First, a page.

Inform patient that cutaneous flushing and a sensation of warmth, especially in the face, neck, and ears; itching or tingling; and headache may occur within the first 2 hr after taking the drug. These effects are usually transient and subside with continued therapy. If flushing is distressing or persistent, aspirin 300 mg given 30 min before each dose or slow upward titration of dose may decrease flushing.
» Advise patient to change positions slowly to minimize orthostatic hypotension.
» Instruct patients taking long-term OTC extended-release niacin to report signs of hepatotoxicity (darkening of urine, light graycolored stool, loss of appetite, severe stomach pain, yellow eyes or skin) to health care professional.
» Emphasize the importance of follow-up examinations to evaluate progress.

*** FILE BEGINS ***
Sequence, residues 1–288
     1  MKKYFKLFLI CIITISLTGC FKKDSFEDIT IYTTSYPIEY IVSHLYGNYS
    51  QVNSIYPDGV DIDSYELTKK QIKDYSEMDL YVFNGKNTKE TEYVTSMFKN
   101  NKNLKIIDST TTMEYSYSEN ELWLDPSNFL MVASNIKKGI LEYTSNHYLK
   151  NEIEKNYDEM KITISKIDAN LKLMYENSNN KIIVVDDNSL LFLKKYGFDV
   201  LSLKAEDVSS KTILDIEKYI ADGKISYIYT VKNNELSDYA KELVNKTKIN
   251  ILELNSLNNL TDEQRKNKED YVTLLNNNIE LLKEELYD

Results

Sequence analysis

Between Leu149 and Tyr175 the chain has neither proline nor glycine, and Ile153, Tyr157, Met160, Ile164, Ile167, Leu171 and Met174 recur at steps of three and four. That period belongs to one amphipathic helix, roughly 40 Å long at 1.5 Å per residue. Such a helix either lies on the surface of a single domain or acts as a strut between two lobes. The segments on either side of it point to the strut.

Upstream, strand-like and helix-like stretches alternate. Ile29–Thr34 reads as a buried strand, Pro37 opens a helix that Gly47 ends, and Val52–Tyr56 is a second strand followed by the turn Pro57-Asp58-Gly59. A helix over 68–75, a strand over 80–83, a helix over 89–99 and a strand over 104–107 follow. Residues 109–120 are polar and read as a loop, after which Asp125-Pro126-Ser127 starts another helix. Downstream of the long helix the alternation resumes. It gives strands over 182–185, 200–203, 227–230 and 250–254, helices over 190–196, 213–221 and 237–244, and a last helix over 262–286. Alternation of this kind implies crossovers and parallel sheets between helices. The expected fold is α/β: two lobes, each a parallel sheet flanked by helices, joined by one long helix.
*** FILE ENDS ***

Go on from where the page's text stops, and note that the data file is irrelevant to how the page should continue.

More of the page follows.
Vitamin Deficiency: Encourage patient to comply with dietary recommendations of health care professional. Explain that the best source of vitamins is a well-balanced diet with foods from the four basic food groups.
» Foods high in niacin include meats, eggs, milk, and dairy products; little is lost during ordinary cooking.
» Patients self-medicating with vitamin supplements should be cautioned not to exceed RDA. The effectiveness of megadoses for treatment of various medical conditions is unproved and may cause side effects.
Hyperlipidemia: Advise patient that this medication should be used in conjunction with dietary restrictions (fat, cholesterol, carbohydrates, alcohol), exercise, and cessation of smoking.
niacin has been found in Davis's Drug Guide
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